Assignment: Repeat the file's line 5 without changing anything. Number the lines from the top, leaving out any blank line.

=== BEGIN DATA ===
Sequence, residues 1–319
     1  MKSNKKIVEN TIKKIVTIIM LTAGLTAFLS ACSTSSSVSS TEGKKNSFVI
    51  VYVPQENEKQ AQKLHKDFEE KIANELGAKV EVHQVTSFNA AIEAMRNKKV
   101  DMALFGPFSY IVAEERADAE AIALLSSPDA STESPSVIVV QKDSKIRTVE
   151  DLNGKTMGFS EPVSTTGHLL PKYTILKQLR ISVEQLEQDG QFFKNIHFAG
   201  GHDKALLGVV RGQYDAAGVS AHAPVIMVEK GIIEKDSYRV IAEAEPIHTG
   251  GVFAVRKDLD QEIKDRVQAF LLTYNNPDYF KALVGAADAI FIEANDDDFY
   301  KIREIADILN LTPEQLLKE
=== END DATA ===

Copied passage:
   151  DLNGKTMGFS EPVSTTGHLL PKYTILKQLR ISVEQLEQDG QFFKNIHFAG